Patty Hearst Enjoys New Role as One of ‘Odd People’ in ‘Cry-Baby’


When John Waters approached Patricia Hearst Shaw two years ago at the Cannes Film Festival to be in his next movie, she thought it was a joke.

Then the script for “Cry-Baby” arrived in the mail.

“I thought, ‘Oh, no, he was serious,’ ” said Hearst, who was recently in Baltimore promoting the film, whose credits simply refer to her by her well-known maiden name. In the film, she has a small part as a street-crossing guard who is the wife of a school bus driver, played by David Nelson, and the mother of a juvenile delinquent, played by former teen porno star Traci Lords.

“I knew he cast odd people,” said Hearst, who lives in Westport, Conn., with her husband, Bernard Shaw, an executive with the Hearst Corp., and two daughters, Gillian and Lydia. “And I loved ‘Hairspray.’ So I read the script, and I thought it was really funny, and I thought it would be a lot of fun to do. It’s not like being asked to be in ‘Halloween.’ I wouldn’t even think about that. But to be in one of John’s movies, it was like, ‘Wow, OK.’


“It was a chance to do something totally different that maybe would surprise people. (It would be) something really silly, and I thought it would be neat.”

Hearst describes her meeting with Waters after he sent her the script.

“I realized I was in big trouble because there were all these people, like the casting director and the producers, on a sofa, and there’s all these pictures of actors and actresses scattered all over the floor,” she said, “and I thought, ‘Uh-oh. This is like a casting call.’

“So we talk, and he says, ‘You look too young. I don’t know how we’re going to make you look older.’ And I’m thinking, ‘I saw “Little Big Man.” I know what they can do to make me look older.’ So I say, ‘Oh, well, thank you.’

“And then (Waters) says, ‘Can you read for me?’ And I go, ‘Huh?’ because I read this thing like once. I just didn’t think this was what I was going to be doing. And so I do a horrible, horrible reading and walk out thinking, ‘Well, there’s just no way.’ And two days later, they call me and say I got the part.”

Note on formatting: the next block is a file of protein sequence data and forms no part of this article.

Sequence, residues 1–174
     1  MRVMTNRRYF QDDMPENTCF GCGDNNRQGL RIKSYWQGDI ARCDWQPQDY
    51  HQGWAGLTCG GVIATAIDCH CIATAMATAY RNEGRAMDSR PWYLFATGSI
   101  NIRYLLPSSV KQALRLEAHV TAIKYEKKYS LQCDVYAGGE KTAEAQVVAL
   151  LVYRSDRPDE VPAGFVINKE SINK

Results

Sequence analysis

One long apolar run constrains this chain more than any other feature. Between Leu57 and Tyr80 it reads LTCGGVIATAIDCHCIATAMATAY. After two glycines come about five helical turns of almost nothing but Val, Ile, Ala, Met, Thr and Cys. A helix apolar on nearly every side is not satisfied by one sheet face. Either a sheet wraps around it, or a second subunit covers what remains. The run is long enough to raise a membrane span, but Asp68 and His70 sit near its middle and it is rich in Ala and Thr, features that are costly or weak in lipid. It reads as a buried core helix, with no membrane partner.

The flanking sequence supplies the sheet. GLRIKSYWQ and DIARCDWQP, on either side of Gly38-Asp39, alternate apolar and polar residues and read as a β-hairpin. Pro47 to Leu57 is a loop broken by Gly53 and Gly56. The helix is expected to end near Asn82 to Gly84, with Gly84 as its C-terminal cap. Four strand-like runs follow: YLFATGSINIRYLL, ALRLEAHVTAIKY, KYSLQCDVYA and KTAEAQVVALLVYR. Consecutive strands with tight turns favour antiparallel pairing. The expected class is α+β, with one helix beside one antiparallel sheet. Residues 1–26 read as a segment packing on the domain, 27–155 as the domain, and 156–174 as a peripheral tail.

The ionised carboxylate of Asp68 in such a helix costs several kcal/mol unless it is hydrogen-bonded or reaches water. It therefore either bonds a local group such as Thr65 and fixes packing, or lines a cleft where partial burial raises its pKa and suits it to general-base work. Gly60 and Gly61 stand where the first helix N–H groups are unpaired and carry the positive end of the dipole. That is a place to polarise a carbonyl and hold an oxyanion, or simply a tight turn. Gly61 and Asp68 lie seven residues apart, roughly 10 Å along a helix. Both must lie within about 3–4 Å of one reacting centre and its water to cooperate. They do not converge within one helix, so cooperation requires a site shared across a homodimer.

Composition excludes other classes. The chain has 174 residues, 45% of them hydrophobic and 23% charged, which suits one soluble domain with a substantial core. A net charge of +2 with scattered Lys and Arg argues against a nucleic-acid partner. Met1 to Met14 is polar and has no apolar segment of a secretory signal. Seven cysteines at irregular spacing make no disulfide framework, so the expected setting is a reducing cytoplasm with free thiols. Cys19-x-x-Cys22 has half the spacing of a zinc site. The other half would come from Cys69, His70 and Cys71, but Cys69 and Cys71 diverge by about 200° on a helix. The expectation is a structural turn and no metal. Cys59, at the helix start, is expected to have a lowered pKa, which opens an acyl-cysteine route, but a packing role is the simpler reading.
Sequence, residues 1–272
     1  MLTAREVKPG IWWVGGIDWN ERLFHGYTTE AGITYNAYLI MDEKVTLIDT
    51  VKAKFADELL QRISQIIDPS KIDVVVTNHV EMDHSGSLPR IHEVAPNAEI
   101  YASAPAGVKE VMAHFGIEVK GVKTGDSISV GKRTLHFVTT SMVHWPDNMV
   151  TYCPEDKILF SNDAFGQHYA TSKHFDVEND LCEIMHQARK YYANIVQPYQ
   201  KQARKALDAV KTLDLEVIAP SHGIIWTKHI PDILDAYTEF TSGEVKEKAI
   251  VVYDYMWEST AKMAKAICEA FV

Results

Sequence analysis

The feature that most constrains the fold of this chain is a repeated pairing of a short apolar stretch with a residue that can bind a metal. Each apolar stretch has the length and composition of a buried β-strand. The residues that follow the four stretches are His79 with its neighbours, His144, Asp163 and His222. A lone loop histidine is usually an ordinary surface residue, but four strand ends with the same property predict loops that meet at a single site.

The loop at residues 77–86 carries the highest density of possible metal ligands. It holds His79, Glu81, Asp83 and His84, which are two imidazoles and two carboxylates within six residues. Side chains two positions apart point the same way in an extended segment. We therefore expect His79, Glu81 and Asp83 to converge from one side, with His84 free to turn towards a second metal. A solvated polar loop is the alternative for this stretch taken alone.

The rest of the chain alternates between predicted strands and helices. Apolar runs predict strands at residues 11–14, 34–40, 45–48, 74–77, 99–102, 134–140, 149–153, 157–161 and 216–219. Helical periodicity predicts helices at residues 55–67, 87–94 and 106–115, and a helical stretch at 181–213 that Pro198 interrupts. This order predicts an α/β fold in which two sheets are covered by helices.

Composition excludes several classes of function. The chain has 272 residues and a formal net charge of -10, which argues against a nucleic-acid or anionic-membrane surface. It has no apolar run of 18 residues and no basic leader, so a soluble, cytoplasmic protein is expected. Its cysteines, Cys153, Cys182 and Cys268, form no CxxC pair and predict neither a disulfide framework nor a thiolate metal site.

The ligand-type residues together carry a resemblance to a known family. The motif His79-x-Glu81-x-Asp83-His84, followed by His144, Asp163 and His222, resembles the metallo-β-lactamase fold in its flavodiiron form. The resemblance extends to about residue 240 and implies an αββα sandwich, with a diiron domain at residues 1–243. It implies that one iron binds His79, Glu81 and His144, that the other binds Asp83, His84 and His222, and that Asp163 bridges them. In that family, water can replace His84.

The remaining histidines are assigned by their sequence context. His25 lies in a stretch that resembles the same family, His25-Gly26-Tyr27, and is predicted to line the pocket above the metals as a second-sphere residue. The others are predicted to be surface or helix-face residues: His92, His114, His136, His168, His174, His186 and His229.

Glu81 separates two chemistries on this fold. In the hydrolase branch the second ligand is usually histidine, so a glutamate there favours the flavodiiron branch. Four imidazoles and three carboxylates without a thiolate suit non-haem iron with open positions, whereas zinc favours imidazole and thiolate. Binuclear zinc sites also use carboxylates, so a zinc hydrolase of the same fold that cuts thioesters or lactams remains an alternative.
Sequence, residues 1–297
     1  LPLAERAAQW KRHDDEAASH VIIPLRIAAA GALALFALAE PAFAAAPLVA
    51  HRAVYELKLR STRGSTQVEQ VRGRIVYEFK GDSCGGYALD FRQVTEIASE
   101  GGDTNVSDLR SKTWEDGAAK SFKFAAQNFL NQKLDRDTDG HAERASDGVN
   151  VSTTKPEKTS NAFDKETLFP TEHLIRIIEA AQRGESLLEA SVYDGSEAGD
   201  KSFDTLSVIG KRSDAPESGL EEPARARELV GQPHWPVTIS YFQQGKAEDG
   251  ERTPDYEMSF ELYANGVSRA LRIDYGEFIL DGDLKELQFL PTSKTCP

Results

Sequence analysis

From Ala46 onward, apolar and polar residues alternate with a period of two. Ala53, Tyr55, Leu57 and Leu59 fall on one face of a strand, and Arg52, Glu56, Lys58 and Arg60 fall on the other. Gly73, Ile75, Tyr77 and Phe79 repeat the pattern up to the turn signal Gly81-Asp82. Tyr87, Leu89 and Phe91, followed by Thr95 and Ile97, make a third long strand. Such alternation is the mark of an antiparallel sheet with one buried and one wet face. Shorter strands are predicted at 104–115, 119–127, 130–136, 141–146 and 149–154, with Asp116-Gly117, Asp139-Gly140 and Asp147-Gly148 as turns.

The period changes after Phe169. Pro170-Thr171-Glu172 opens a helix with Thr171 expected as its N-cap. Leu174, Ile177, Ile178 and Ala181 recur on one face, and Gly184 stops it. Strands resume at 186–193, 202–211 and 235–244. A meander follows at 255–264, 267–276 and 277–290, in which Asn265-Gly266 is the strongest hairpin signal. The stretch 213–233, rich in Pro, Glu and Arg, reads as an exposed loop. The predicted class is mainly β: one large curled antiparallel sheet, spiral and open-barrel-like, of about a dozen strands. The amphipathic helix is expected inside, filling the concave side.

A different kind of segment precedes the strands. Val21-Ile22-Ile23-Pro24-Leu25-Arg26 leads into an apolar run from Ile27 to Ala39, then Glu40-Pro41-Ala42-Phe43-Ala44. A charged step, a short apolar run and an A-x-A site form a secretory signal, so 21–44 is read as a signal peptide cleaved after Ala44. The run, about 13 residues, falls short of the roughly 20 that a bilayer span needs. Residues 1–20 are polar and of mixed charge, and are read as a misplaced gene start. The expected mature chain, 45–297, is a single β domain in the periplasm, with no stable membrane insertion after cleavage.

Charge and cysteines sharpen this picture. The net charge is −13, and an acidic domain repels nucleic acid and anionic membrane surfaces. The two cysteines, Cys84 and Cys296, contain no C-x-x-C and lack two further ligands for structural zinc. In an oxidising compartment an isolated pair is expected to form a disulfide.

Arriving on the set in Baltimore was strange at first.

“You could see (the other actors) looking like, ‘Jeez, can you believe he hired somebody who doesn’t know anything about this?’ They were worried because it’s their careers,” she said.

Said Waters: “I think she probably had fun. It was like going to a different world--a safe, different world, a different world that ended her up in Vanity Fair.”


Did she think she would be exposing herself to a press that would be dredging up her past again?

“I just don’t know what could possibly be dredged up anymore that hasn’t been,” said the San Francisco newspaper family heiress. “There seems to be enough other things to talk about. I don’t know; I’m not that worried about it. I know I’m tired of it. It’s been 15 years, and I’ve moved on, and to me, it’s just old news.”

The “old news” started in February, 1974, when the then-19-year-old student was kidnaped from her Berkeley apartment by members of the Symbionese Liberation Army, a revolutionary group that held her hostage. Two months later, she announced in a taped message that she had repudiated her former life, joined her captives in their political struggle and had taken the name Tania. She later participated in a bank robbery and a shoot-out at a sporting goods store.

After going underground for 1 1/2 years, she was arrested, put on trial, convicted of bank robbery and use of a firearm in the commission of a felony and sentenced to seven years in prison. In 1979, then-President Jimmy Carter commuted her sentence after she had served 23 months in a federal prison.

“She had a bad lawyer (F. Lee Bailey),” said Waters, who attended her trial in 1976 as a fan of criminal trials. “He made her plead the Fifth Amendment, which always makes you look guilty. Even I could have gotten her off.”